News
 

Bookmark and Share

(8) 

Despite some high-profile product introductions, consumer demand for televisions with the ultra-high-definition (UHD) 4K resolution [3840*2160] will remain negligible for the foreseeable future, with shipments never accounting for more than 1% of the global liquid crystal display (LCD) TV market during the next five years.

“If you have a television that is 60" or larger and are watching video that has a 3840*2160 resolution, then a 4K television makes sense. However, a very limited amount of content is available at the 4K resolution. Meanwhile, because of high prices and other issues, the market for super-sized, 60" and larger TV-sets is very small, at only about 1.5% of total television shipments in 2012. Furthermore, for most people, the [1920*1080] resolution is good enough. Because of these factors, combined with the massive price tags, the market for 4K TV-sets during the next few years will be limited to very wealthy consumers or to commercial uses,” said Tom Morrod, director, TV systems and technology research for IHS.

Worldwide shipments of 4K LCD-TVs will rise to 2.1 million units in 2017, up from 4000 in 2012, according to an IHS iSuppli. Despite the large increase over the years, 4K will account for only 0.8% of the global LCD-TV shipments by 2017.

The 4K television segment recently has garnered attention with Sony Corp. announcing an 84" 4K LCD-TV priced at $25 000. LG Electronics also launched an 84" LCD-TV for $20 000. Toshiba Corp. is offering a 55" model priced at $10 000. Chinese brands Hisense and Konka have also announced that they will launch 84" 4K TV-sets this year. However, IHS believes that neither consumers nor television brands will have the interest required to make the 4K LCD-TV market successful.

On the other side of the equation, leading television brands may be viewing 4K LCD-TVs merely as a transitional product. Once AMOLED panels are used inside HDTV, 4K resolution will be easier to enable on large-sized screens. Therefore the 4K HDTV will only hit mainstream price-points when AMOLED technology becomes viable and cost-efficient enough for large panels.

“The 4K sets can fill the gap at the high-end of television brands’ product lines until the arrival of the next-generation active-matrix organic light-emitting diodes televisions (AMOLED TVs). Japanese brands are offering 4K product because they need to have a competitive alternative to the AMOLED TVs being sold by their rivals in South Korea, Samsung and LG Electronics. Meanwhile, the South Korean companies are having difficulties producing AMOLED panels, saying they will need two more years to achieve competitive volume and pricing. Therefore, the Korean brands are offering 4K sets as a transitional step until their AMOLED televisions are more widely available,” explained Mr. Morrod.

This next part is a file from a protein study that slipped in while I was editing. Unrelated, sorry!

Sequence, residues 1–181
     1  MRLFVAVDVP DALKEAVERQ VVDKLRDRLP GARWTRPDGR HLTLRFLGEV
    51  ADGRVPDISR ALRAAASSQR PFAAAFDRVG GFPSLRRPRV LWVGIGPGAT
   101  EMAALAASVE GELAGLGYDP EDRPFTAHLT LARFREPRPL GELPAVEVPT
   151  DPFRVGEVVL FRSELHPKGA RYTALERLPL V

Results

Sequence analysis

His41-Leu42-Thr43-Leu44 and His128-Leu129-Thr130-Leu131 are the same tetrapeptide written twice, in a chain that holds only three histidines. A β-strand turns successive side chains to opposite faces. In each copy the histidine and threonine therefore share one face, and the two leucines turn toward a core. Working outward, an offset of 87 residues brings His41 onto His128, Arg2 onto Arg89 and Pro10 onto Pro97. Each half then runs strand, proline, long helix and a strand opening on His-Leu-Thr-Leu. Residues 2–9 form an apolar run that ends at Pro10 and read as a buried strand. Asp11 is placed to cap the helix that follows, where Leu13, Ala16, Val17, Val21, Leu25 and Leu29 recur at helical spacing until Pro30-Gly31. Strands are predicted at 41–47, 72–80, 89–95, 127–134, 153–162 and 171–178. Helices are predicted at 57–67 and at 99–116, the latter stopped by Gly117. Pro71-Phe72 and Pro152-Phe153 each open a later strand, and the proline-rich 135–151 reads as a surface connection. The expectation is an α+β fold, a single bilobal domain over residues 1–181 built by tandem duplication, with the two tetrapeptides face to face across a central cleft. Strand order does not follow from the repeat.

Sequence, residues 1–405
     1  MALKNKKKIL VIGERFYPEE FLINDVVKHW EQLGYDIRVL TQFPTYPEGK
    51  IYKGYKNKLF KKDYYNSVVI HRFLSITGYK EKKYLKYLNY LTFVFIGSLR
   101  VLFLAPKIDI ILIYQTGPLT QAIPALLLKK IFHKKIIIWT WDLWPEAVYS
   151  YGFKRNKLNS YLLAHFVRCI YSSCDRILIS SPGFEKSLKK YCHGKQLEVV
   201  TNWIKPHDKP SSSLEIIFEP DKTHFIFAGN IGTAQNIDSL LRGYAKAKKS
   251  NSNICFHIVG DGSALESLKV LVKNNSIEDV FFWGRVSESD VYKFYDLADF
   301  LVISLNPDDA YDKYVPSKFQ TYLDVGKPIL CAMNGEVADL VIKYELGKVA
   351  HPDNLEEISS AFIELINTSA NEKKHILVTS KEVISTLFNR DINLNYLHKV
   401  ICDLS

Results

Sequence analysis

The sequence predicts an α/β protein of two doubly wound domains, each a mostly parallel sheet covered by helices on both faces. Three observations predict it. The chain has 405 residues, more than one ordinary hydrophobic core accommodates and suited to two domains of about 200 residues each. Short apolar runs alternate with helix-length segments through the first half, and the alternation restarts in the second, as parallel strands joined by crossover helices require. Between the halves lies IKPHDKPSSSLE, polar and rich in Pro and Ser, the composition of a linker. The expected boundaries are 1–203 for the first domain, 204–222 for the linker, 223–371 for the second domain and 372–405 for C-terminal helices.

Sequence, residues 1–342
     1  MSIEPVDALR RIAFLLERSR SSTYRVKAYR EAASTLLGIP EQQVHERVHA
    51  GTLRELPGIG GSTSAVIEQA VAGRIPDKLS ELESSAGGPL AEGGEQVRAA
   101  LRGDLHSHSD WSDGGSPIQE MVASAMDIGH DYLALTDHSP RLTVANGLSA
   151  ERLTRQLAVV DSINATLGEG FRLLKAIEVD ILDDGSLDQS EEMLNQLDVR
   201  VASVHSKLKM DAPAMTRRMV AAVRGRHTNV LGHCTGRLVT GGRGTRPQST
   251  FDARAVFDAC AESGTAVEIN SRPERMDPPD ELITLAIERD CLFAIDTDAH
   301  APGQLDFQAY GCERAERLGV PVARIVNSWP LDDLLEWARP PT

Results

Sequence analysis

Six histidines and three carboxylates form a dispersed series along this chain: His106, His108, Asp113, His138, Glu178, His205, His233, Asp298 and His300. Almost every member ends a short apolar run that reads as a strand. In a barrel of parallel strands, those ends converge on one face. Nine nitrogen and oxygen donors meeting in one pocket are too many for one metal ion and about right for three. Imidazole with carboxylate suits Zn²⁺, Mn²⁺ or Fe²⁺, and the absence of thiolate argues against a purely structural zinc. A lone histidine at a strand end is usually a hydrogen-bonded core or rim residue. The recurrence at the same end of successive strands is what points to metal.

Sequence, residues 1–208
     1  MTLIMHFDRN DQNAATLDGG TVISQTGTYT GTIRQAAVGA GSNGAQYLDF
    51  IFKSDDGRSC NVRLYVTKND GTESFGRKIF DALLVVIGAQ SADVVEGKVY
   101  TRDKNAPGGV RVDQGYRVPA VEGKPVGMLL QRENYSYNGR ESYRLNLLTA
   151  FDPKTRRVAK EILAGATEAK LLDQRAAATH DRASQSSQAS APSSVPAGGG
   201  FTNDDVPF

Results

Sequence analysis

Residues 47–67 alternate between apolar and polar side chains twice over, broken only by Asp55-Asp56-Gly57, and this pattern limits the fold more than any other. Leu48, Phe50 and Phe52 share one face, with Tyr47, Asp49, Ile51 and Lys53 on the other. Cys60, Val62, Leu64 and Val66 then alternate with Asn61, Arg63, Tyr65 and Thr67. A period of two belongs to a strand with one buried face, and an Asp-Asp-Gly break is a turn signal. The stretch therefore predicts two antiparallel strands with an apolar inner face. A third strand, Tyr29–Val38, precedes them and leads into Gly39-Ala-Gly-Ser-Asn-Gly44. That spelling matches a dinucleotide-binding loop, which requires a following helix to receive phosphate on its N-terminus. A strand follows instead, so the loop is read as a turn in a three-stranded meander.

Tags: 4K, HDTV, UHD, UHDTV, AMOLED, LCD

Discussion

Comments currently: 8
Discussion started: 10/04/12 07:37:04 PM
Latest comment: 10/08/12 11:43:41 AM
Expand all threads | Collapse all threads

[1-5]

1. 
totally bs.
how the heck it is going to be exotic for such a long time when there are 720p 4"-4.5" screens and 5" 1080p on its way with the cost of 30$(not retail).
they can force the market/customers to have those products for the price they want.
when apple/samsung/motorola/etc have 720p 640p 4" to 5" or similar screens on their phones, at the cost of 30$(not retail) you know that they can make a 12" combining 4 of those screens at the cost of 200$ with the proper circuits.
they could offer a 25" product with that resolution with a resonable price, but marketing has to do its tricks.

same thing goes on for the cpus also. the phones get a 25$ quad core arm, like that in sgs3, or the dual iphone 5 soc for the same price. a budget browsing and office pc would cost though 10 or 20 times more than that price. totally ridiculous marketing tricks.
1 3 [Posted by: Yorgos  | Date: 10/04/12 07:37:04 PM]
Reply
- collapse thread

 
show the post